‘Chanel’: Historical romance lacks life, tone

  • By Robert Horton Herald Movie Critic
  • Thursday, July 8, 2010 6:27pm
  • LifeGo-See-Do

If two famous people really did have an illicit liaison in the 1920s, let’s hope it had more zip than the affair depicted in “Coco Chanel &Igor Stravinsky,” a snoozy historical romance.

Note the billing: The famed fashion designer goes first, before one of the great musical geniuses of the 20th century. That’s a tip-off about the movie’s concerns, which favor picture-postcard looks over substance.

It begins with a prologue, informing us that Coco Chanel (played by Anna Mouglalis) was in the audience on the legendary night in 1913 when the violent strains of Stravinsky’s “Rite of Spring” caused a riot during its ballet performance.

We skip ahead seven years, after Chanel has established a successful Parisian fashion house and Stravinsky (Mads Mikkelsen) needs a place to live. She offers him her lavish home outside Paris, mostly decorated in black and white. (Coco claims she likes color, “as long as it’s black.”)

Stravinsky brings his family along, and his wife (Yelena Morozova) is quick to sense that Coco might be nuts for Igor. We have to wait a while — Stravinsky appears to be creatively blocked during the build-up — but eventually the two make, er, sweet music together.

This is all presented in a certain dreadful tendency of the European art movie, where everything is beautifully dressed but the blood seems to have been drained out of people. Director Jan Kounen tends to view things from the perspective of Stravinsky’s wife, disapproving of these shenanigans but morosely enduring them.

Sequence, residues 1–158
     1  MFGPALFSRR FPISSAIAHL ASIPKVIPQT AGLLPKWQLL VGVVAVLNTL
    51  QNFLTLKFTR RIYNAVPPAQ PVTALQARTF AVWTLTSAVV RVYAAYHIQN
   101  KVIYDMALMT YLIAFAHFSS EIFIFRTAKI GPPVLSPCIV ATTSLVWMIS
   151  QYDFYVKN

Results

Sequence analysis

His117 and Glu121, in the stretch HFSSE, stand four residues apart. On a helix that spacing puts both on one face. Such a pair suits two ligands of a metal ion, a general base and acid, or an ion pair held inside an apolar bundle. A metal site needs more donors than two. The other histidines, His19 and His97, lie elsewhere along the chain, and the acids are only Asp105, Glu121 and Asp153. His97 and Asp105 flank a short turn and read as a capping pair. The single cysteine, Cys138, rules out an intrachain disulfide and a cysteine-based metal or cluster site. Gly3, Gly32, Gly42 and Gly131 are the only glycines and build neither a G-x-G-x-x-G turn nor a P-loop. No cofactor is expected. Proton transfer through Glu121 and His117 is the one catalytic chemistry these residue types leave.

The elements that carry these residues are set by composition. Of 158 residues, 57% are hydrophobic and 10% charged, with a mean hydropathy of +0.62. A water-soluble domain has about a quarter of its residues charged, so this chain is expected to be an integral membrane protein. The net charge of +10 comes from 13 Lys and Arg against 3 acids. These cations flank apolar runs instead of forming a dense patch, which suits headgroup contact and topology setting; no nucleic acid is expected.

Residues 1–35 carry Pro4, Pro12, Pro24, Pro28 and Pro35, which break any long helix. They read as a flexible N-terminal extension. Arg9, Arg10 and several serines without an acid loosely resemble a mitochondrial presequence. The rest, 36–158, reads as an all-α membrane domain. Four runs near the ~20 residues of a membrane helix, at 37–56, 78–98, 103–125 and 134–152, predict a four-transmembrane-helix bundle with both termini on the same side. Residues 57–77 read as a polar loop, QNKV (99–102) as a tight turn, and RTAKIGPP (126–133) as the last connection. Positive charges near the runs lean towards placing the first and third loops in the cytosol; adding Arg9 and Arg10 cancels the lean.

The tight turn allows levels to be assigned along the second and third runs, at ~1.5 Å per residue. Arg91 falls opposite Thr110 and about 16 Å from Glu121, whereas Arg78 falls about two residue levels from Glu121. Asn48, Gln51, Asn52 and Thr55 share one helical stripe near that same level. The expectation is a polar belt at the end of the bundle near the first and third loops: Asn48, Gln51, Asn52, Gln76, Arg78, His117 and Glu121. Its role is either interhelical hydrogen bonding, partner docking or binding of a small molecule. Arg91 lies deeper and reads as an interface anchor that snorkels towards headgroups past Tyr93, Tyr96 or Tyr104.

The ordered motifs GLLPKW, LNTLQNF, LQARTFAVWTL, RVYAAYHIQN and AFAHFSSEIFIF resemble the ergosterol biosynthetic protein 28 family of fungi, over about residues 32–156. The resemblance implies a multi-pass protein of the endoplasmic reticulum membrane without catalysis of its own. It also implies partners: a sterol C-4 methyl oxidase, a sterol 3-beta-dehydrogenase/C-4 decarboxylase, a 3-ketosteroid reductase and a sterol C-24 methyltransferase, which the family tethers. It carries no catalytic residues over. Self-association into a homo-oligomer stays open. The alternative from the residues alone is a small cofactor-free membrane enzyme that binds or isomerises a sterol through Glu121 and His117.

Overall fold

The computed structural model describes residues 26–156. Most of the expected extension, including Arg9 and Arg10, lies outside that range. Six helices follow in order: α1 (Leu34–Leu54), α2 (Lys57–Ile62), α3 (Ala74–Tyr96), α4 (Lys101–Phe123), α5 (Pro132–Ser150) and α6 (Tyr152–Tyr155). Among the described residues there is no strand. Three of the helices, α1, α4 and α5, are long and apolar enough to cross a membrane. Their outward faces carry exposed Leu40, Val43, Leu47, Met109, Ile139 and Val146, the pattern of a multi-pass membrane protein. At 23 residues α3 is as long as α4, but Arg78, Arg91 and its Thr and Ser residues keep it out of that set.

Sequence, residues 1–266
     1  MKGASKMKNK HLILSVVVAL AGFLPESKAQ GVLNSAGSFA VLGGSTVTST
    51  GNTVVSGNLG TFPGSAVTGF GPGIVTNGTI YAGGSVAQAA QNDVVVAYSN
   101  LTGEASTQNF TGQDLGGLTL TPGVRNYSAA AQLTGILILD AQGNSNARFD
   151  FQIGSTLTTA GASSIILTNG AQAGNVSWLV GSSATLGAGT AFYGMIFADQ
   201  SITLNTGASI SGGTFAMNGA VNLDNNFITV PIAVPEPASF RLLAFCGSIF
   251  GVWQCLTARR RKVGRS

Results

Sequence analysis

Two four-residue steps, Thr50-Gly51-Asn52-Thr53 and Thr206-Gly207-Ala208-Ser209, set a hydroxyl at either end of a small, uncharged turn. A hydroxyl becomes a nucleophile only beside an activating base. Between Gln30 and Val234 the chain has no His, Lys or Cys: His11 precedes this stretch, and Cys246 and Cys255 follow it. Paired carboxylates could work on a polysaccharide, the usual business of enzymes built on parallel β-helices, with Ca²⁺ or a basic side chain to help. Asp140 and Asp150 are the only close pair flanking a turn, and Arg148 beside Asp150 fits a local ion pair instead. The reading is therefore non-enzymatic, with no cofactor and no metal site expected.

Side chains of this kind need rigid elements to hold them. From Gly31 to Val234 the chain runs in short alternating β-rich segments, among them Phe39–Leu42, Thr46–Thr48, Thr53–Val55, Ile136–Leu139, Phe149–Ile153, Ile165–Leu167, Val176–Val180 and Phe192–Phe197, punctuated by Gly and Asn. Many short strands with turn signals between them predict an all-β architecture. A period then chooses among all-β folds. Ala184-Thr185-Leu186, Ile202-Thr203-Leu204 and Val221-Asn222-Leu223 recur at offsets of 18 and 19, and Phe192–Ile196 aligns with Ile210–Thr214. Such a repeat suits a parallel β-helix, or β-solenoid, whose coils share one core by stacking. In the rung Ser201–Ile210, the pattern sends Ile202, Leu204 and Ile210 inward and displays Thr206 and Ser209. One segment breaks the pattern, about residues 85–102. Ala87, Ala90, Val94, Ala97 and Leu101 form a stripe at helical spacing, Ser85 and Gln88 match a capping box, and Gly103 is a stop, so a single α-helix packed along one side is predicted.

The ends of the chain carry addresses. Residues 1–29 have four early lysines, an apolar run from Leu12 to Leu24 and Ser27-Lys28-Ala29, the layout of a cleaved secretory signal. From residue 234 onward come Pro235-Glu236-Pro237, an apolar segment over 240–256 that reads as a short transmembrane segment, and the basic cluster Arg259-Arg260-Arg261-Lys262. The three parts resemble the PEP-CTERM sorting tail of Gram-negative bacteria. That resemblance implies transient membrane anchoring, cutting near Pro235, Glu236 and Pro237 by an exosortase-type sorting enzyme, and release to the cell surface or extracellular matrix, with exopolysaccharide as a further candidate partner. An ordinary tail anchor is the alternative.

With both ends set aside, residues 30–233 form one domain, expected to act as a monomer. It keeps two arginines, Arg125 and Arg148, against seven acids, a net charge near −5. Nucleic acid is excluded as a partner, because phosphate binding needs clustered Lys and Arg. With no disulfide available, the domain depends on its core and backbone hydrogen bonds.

The style defeats even good actors: Mouglalis has a marvelous low voice and the lanky frame of a fashion scarecrow, and Mikkelsen (late of “Clash of the Titans”) carries around charisma like nobody’s business.

But they can’t get anything going. Of course, it’s part of the movie’s point that these two are so self-absorbed they can’t really connect with anything other than their art.

Maybe that’s why the film comes alive in rare moments such as Coco’s trip to a perfume factory, where she sniffs a series of potential scents for her new product. The decisive choice (one of those breathless moments of the “I shall call it Chanel … No. 5” variety) is treated like a turning point in world history.

Some would argue that it was — maybe those people are the audience for the movie. But it’s hard to imagine anybody warming up much to this pallid collection of poses.

“Coco Chanel &Igor Stravinsky” ½

The famed fashion designer and the composer carried on an affair in the 1920s, which the film chronicles in bloodless and snoozy style. Two interesting actors, Mads Mikkelsen and Anna Mouglalis, are defeated by the deadlier tendencies of the European art movie, as well as the generally disapproving tone. In French, with English subtitles.

Rated: R for nudity, subject matter

Showing: Guild 45th

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